The Holocaust was one of the most brutal genocides and took the lives of approximately six million European Jews. The motivation behind this human atrocity was the belief that the Jews were inferior to the Germans. Adolf Hitler came into power in Germany and had a “dream of an ethnically pure Germany that would conquer Lebensraum (living space) in Eastern Europe, unite all of continental Europe under German rule, and enslave or eliminate lesser races.”[4] Hitler believed that by eliminating “lesser races” he would create a perfect German society, free of all imperfections and worthy to rule the world. Hitler’s main target was the Jewish population living in Europe. Hitler was strongly influenced by Social Darwinism, the belief that some people are more fit to survive than others and used that theory against the Jews.[5] He also believed Jews were “crafty, corrupt, and predatory materialists, devoid of all patriotism and feelings for others, and they advocated subversive ideas such as liberalism, capitalism, Marxism, and cultural modernism.”[6] These stereotypes were not justified in any way and were purely based upon Hitler’s irrational belief that racial segregation was necessary to conquer the world. Adolf Hitler’s anti-Semitism campaign, the separation of Germans and Jews, is a form of racism that ultimately led to the Holocaust and termination of millions of innocent people.

 Racism was a major contributor to human atrocities, and also can be linked to forms of nationalism across the globe. Nationalism is the efforts made by a nation to unify its citizens and can often lead to feelings of superiority over other countries. These feelings of superiority and inferiority between nations caused crimes of atrocity to be committed against other nations and even its own citizens. Nationalist ideals in the twentieth century lead to war and atrocity among and within nations.

 Germany and the events of the Holocaust are prime examples of nationalism being used to justify human atrocities. When Hitler came into power, he had a vision of creating a perfect Lebensraum (living space) in Germany. Nationalist ideals motivated Hitler to believe that Germans were superior to all other nations and deserved to live in an ethnically cleansed society. Hitler strongly theorized that his nation “the Third Reich” would last for a thousand years, and that Germany was the most powerful and superior country in the world. “Hitler called his state the Third Reich. He claimed that like the Holy Roman Empire, his empire would last 1,000 years. Hitler also harbored grand aspirations to impose racial purity and German power in Europe and perhaps beyond.”[7] Nationalism heavily influenced Hitler to believe that his nation was better than all other nations, nationalism also inspired Hitler to want to expand and conquer new territory. He came up with a plan called “Generalplan Ost”, meaning plan for the east, that he would use to expand German territory by strategically murdering millions of Jewish people.[8] Lebensraum could only be achieved if all ethnically inferior people were removed from German territory. Hitler’s belief that Germans deserved to conquer the world because of their racial superiority, along with nationalist ideals, that Germany was the best and strongest nation, caused the events of the Holocaust to take place.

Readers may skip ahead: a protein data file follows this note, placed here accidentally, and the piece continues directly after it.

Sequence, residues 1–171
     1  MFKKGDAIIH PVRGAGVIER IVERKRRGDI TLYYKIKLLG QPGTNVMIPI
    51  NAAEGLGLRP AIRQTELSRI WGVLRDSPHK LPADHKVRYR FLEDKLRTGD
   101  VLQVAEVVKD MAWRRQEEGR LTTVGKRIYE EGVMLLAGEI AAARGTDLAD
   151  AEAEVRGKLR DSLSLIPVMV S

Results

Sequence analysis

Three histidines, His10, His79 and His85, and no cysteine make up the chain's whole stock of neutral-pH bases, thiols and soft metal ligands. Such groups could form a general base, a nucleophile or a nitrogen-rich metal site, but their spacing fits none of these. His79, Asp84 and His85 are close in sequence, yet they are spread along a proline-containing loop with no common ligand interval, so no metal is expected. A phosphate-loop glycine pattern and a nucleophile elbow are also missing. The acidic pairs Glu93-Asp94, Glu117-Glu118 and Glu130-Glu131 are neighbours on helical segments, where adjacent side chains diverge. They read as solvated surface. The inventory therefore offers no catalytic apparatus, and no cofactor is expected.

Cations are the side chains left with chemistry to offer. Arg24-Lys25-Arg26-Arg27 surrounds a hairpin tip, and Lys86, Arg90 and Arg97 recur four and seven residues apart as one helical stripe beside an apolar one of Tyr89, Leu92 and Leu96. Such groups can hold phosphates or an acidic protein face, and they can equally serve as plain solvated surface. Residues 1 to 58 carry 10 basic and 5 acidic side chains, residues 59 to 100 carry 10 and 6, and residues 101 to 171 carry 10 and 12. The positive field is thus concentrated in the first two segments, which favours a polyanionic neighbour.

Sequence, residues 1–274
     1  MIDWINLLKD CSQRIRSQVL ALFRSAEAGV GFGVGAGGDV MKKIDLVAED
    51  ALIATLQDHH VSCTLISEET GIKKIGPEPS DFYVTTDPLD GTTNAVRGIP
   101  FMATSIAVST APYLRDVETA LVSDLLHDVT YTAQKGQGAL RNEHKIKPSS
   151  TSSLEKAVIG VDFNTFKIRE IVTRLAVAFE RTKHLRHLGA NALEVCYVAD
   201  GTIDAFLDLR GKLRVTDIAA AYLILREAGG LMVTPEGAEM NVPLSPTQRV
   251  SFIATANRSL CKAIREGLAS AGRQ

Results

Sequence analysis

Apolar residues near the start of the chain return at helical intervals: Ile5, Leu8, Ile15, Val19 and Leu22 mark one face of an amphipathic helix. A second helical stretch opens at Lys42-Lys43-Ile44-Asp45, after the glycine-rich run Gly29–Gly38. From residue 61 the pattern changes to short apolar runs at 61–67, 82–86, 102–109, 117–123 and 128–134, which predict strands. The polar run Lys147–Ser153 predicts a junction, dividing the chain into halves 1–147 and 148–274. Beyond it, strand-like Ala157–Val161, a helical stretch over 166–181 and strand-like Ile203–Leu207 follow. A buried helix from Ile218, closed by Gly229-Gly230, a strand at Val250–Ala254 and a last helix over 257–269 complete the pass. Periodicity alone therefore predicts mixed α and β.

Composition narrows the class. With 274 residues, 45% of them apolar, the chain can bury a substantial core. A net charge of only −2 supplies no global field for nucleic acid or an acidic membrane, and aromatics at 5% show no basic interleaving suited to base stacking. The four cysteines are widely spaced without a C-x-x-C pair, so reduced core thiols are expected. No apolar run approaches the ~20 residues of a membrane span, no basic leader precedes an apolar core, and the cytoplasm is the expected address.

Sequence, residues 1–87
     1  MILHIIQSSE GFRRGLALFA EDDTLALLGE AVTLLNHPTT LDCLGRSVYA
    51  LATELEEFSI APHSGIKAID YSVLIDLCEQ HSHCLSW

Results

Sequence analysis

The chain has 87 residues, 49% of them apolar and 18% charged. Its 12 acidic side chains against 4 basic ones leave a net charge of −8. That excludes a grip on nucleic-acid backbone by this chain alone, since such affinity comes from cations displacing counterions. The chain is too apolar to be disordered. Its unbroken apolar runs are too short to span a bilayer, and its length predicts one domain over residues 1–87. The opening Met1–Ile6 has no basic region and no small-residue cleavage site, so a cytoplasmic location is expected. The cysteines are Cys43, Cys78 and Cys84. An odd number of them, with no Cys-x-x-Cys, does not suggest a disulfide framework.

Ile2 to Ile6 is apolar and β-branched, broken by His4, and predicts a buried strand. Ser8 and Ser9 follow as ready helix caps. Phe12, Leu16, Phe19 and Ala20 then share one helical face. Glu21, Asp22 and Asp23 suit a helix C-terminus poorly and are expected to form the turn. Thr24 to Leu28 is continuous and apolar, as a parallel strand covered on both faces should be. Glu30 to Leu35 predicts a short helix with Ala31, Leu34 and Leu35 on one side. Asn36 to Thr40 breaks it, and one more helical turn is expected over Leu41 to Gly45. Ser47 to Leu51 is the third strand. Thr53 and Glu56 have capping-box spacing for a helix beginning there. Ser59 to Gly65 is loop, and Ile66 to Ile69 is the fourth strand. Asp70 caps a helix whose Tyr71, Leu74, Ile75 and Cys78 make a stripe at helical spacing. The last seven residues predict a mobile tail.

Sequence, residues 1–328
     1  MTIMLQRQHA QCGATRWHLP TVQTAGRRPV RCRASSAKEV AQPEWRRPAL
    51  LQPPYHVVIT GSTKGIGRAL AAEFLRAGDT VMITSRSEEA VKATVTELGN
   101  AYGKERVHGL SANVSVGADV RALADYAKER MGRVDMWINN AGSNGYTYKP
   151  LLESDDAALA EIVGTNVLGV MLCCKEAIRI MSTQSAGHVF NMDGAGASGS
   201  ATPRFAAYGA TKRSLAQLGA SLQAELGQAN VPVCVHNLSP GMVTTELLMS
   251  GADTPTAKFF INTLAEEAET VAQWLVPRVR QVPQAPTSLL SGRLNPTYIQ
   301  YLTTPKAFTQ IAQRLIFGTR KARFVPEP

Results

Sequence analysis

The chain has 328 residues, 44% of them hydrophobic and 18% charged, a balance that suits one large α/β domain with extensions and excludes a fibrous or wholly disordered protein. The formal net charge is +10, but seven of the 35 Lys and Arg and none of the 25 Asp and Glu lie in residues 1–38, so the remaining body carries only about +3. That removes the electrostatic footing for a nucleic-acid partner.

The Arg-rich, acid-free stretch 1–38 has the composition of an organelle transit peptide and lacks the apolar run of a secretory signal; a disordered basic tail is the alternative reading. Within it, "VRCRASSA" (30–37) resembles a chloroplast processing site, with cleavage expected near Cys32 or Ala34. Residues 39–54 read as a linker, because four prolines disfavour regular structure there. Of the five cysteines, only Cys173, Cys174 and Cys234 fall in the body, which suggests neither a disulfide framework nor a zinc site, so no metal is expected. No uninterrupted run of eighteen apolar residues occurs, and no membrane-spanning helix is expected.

The genocide in Yugoslavia was caused by the nationalistic ideals of Croatia and the response by the Serbian communities living there. In 1991 Croatia declared independence from Yugoslavia. The Croat population, inspired by nationalism, wanted their own state and independence from Yugoslavia. This caused an uproar from the Serbian population in Croatia. “In Croatia, Serbs constituted 12% of the population and many of them feared that their status and security in an independent Croatia would suffer significantly.”[9] The separation of the ethnic populations in Yugoslavia caused tensions to rise. The Croats and Serbs could not live peacefully together because nationalistic ideals influenced them to believe that each population was superior to the other. These ideals created a violent uproar that led the Serbs to form an “ethnic cleansing” campaign, in which they slaughtered thousands of innocent Croats.